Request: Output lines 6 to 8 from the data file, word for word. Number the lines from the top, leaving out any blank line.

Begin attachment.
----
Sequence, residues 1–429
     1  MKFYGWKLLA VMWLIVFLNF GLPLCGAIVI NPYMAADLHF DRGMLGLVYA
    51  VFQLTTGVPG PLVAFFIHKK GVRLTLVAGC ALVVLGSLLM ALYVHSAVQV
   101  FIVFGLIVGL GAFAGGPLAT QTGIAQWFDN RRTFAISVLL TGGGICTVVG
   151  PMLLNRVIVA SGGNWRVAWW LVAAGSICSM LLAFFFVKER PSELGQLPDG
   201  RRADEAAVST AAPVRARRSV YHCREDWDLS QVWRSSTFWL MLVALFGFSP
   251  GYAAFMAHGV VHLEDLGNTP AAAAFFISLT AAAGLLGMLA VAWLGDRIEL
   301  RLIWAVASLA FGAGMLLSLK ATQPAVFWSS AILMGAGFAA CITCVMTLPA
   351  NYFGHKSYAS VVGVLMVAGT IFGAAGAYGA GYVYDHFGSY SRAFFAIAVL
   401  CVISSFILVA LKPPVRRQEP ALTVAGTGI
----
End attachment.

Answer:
   201  RRADEAAVST AAPVRARRSV YHCREDWDLS QVWRSSTFWL MLVALFGFSP
   251  GYAAFMAHGV VHLEDLGNTP AAAAFFISLT AAAGLLGMLA VAWLGDRIEL
   301  RLIWAVASLA FGAGMLLSLK ATQPAVFWSS AILMGAGFAA CITCVMTLPA